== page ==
The food industry has demanded greater oversight of private equity-owned supermarkets, following the buyout of two Big 4 grocers.
Covid-19 has allowed the major players to increase their share of the grocery market, while suppliers face mounting pressure from labour shortages.
Food and Drink Federation boss Ian Wright said suppliers needed extra protection from private equity owners, which are not subject to the same scrutiny as listed companies.
Speaking just days after Clayton, Dubilier & Rice won a £10 billion bidding war for Morrisons, he called for expanding the remit of the GCA supermarket watchdog.
“The Big 4 supermarkets were subject to scrutiny through action of shareholders and investors,” he told the Financial Times.
“But if you’ve got private equity running these businesses, the level of transparency you have with listed businesses is just not there.”
Wright said consumers and suppliers needed support because private equity owners extract value by selling assets, loading acquisitions with debt and driving down costs.
Cold Chain Federation head Shane Brennan hoped that private equity would invest long term in securing logistics, rather than engage in asset-stripping and cost-cutting.
He said: “The reality is that we are in the era of ‘just in case’ supply chains, not ‘just in time’.
“Everyone is going to have to pay more for storage and distribution – whether they like it or not.”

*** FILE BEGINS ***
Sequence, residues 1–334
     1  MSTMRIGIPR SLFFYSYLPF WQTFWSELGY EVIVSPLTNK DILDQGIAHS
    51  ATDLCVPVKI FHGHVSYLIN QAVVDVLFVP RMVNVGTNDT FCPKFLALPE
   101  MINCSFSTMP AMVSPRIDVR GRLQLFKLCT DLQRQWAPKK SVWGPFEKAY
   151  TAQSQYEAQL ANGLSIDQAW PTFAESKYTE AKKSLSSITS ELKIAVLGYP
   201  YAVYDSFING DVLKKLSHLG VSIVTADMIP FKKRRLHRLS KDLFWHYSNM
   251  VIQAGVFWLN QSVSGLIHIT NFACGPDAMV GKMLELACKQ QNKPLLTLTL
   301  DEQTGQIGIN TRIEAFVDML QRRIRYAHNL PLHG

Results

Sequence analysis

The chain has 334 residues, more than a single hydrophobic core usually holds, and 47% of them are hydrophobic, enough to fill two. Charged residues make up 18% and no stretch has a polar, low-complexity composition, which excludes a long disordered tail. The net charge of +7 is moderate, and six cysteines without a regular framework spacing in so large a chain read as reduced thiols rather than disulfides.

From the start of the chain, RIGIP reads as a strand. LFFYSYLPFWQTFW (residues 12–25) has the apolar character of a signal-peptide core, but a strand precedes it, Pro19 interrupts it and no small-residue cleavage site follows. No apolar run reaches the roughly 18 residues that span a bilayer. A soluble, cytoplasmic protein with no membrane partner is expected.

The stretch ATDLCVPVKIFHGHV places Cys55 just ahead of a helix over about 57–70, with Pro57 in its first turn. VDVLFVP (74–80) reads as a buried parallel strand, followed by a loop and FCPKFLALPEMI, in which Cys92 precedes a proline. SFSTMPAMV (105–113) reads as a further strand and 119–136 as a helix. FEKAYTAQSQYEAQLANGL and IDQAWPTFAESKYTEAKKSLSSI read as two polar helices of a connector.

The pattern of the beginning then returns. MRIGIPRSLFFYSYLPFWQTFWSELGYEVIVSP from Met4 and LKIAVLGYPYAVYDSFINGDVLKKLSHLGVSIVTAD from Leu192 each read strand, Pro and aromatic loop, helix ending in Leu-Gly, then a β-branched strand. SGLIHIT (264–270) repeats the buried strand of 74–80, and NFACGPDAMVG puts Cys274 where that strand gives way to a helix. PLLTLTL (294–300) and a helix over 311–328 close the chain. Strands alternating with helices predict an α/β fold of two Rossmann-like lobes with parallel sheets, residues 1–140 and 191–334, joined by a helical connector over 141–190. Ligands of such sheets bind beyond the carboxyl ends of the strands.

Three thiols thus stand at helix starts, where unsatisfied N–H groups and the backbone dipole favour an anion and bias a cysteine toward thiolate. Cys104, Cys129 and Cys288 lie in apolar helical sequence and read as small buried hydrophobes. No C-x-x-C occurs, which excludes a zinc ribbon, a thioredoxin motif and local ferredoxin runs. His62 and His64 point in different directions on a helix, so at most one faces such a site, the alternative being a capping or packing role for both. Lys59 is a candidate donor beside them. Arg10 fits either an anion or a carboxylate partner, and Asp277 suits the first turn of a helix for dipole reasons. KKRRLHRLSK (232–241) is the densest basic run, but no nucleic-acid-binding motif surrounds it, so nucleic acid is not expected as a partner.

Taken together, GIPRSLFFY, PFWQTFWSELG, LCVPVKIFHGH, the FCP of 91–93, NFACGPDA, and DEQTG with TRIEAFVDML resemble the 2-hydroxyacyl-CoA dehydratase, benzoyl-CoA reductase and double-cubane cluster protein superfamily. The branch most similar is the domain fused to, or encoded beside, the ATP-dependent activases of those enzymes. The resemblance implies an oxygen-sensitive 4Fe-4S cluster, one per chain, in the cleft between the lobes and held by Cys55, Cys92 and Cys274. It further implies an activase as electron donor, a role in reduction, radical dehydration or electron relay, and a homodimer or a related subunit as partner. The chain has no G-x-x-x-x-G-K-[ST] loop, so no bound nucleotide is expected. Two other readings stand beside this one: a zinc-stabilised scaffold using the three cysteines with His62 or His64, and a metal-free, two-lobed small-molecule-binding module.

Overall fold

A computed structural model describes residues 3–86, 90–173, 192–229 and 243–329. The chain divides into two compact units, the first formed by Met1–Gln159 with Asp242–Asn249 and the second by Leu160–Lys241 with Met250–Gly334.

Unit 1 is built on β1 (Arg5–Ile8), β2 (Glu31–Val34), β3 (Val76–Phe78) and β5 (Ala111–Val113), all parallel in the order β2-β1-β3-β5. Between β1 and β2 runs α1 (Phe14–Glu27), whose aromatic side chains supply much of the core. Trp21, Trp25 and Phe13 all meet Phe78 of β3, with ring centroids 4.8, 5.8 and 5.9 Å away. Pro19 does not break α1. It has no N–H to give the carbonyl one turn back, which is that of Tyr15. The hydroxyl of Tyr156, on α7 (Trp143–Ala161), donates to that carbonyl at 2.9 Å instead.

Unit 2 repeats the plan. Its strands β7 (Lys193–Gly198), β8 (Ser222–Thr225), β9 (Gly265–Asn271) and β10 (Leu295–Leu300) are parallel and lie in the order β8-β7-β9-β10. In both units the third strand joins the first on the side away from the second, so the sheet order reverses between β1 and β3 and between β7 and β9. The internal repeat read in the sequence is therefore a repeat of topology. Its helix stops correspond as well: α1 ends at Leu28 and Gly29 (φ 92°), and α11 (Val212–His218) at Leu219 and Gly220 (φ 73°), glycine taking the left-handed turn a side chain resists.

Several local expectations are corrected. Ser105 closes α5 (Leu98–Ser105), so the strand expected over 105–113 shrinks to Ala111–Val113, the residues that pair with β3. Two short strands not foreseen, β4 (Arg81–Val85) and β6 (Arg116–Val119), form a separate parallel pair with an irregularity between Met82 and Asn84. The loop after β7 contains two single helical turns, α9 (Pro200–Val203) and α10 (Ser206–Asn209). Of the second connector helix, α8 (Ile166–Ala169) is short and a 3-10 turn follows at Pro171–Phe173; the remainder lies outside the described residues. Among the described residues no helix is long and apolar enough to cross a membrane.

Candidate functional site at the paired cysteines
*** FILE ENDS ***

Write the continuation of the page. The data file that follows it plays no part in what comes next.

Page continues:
Federation of Wholesale Distributors chief James Bielby agreed big retailers needed to be watched given their power over distributors.
“We’re seeing supermarkets paying HGV drivers more, but in return they are demanding exclusivity, which shuts some smaller players that serve my members out of the market,” he claimed.
“Logistics companies can’t afford to turn down supermarkets.”
In February, Asda was sold to a consortium of TDR Capital and the Blackburn-based Issa brothers.
It is now operated from a Jersey-based tax haven.
Sainsbury’s and Tesco’s share prices have soared after speculation that private equity could turn its attention to the remaining FTSE 100 grocers.
Wright argued the GCA needed wider powers soon, with supermarkets attempting to push Covid-19 costs further down the supply chain.
“In this new situation there is a strong case for the [GCA] to plug the transparency gap that private equity ownership leads to,” he said.
Wright predicted that the watchdog would have to intervene more often as suppliers and big retailers started “punch ups” over supply agreements.
The watchdog was established in 2013 after a series of scandals highlighting supermarkets’ treatment of their suppliers.
It regulates the conduct of all retailers that the Competition and Markets Authority judges make more than £1 billion in annual revenue from grocery sales.
The government can also block takeovers if they threaten its ability “to respond to risks relating to public health emergencies”.
Business secretary Kwasi Kwarteng backed the private equity bids for Morrisons after a meeting with chief executive David Frost.
Asda and Morrisons declined to comment.